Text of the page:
Emergency Officials Stressing Hurricane Preparedness



FRAMINGHAM – Governor Charlie Baker is looking to make sure residents in the state are ready for possible major storms this summer and fall and has proclaimed it Hurricane Preparedness Week.

The week promotes the importance of preparing for the effects that potential hurricanes and tropical storms have on residents, homes, businesses and infrastructure.

This year officials are also stressing the destructive and damage that can be done by water.

“We tend to think of hurricanes as wind events,” said Peter Judge, a spokesman for the Massachusetts Emergency Management Agency. “But the reality of it is, most deaths – most damage are really [caused] by water, whether it’s the storm surge or it’s flooding from extensive rain.”

Judge said the first thing residents need to do to get prepared is to build an emergency kit.

“These storms will take power out and isolate people,” Judge said. The kits should include what you would need for your family in case you are isolated for an extended period of time.

Families should also develop a communication plan in case family members get separated from one another during a hurricane or other emergencies.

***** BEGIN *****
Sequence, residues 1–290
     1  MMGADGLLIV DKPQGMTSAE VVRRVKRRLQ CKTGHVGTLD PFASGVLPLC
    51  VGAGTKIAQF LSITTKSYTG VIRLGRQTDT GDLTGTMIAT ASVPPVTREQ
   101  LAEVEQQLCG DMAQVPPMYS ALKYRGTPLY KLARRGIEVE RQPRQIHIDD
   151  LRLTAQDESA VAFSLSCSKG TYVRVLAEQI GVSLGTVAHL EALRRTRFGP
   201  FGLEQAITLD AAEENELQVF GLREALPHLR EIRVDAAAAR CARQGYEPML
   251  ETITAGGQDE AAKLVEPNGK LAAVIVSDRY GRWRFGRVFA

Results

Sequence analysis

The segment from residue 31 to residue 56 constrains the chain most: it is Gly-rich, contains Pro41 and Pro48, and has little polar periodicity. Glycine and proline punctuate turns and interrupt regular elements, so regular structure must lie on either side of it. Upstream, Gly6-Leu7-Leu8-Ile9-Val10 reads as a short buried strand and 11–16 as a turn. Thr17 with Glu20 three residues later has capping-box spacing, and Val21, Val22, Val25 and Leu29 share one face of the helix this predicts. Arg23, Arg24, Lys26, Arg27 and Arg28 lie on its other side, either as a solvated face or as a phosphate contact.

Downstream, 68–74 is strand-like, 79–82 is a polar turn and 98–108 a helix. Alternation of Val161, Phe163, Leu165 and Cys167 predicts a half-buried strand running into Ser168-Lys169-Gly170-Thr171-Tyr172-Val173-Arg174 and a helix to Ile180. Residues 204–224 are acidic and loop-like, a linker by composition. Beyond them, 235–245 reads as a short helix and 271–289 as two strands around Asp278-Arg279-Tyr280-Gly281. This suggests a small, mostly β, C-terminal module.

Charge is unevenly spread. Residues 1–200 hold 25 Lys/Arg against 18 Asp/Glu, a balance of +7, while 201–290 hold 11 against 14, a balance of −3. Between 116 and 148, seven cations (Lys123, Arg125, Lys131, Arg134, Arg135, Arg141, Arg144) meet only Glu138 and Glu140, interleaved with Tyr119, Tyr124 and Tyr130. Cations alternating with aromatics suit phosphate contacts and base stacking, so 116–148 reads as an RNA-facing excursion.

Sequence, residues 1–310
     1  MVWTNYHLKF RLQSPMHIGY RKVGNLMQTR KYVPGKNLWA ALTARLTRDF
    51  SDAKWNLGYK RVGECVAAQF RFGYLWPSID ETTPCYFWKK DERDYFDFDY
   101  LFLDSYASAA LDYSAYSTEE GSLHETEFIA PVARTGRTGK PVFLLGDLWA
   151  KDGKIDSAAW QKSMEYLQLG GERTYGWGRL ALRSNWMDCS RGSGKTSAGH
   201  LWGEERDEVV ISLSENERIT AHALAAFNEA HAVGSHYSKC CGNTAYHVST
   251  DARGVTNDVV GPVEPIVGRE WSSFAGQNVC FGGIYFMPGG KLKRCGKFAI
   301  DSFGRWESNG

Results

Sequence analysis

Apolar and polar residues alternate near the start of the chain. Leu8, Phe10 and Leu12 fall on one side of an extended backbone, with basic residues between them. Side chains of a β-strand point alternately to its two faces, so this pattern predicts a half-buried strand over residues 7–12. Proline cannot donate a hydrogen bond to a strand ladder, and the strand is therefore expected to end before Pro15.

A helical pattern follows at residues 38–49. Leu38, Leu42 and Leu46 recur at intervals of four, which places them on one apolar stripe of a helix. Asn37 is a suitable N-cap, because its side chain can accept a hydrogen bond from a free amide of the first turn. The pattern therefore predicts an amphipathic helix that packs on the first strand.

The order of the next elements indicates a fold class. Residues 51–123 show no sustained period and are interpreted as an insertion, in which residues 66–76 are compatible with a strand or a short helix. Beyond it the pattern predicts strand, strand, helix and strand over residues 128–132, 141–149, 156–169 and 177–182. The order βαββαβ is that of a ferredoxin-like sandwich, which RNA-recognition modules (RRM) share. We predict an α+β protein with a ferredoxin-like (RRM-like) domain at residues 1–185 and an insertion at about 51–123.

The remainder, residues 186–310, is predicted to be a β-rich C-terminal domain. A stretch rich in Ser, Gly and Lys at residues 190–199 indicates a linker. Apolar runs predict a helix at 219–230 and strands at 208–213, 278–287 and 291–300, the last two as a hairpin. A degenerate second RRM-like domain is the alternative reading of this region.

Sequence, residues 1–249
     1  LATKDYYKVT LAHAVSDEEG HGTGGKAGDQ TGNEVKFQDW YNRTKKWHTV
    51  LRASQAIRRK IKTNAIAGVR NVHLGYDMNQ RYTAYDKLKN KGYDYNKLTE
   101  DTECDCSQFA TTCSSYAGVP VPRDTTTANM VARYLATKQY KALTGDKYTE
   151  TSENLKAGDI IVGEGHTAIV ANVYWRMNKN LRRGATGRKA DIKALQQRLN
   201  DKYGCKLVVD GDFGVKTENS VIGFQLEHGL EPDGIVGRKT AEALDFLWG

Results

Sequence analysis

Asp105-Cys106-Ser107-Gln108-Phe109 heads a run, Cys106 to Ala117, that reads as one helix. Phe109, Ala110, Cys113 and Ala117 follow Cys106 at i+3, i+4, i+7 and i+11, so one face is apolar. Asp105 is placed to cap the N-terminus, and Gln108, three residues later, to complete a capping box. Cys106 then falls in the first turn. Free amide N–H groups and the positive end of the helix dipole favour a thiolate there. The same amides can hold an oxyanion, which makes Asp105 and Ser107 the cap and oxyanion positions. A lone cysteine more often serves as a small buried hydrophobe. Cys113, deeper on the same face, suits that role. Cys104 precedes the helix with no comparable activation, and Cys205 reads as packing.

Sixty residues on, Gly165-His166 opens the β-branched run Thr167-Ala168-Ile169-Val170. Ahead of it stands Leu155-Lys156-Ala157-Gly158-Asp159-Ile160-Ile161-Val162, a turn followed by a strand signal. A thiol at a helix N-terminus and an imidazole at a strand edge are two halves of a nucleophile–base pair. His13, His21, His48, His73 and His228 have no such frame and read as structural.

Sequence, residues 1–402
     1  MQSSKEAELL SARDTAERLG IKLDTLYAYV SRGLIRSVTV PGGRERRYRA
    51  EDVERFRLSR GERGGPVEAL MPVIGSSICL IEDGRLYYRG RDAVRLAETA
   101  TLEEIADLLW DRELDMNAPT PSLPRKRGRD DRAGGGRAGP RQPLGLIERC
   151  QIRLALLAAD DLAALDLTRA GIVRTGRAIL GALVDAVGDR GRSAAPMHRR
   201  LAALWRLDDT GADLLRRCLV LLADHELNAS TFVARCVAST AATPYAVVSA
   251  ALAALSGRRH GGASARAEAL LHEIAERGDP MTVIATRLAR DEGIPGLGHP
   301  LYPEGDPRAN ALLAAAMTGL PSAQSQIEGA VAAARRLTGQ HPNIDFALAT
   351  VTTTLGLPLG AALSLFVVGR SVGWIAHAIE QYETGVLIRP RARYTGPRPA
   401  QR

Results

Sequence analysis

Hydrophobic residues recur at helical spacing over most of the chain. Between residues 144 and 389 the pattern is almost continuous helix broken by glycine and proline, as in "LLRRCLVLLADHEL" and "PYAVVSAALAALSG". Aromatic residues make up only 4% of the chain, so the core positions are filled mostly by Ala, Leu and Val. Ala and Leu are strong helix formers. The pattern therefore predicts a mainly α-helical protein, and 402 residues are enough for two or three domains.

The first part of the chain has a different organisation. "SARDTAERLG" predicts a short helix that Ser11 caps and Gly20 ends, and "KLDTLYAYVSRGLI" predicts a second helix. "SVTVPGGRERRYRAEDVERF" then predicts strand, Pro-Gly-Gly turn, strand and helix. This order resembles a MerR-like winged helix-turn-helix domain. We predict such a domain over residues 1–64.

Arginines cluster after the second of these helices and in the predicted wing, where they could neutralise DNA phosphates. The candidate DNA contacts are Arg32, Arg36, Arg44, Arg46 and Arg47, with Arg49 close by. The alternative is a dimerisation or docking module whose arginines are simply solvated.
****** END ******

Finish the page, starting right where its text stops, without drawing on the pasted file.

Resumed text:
“How are you going to be able to let folks know that you are safe and find out the condition of everyone else in your family, relatives or other information?” Judge said.

Residents should also learn how they will stay informed during a storm and know where they can get information whether from television, radio, or social media and having alternatives in case one or more of those systems is unavailable.

“You should find out if you are in a location that is susceptible to flooding from a storm and what are the best evacuation routes,” Judge said.

For detailed information about hurricanes and tropical storms and the hazards they present, along with safety tips visit mass.gov/mema.

The official Atlantic Hurricane season is underway and runs through the end of November. The majority of major storms that impact the region occur during the months of August and September.

The National Oceanic and Atmospheric Administration predicted near-normal activity for this year’s hurricane season.

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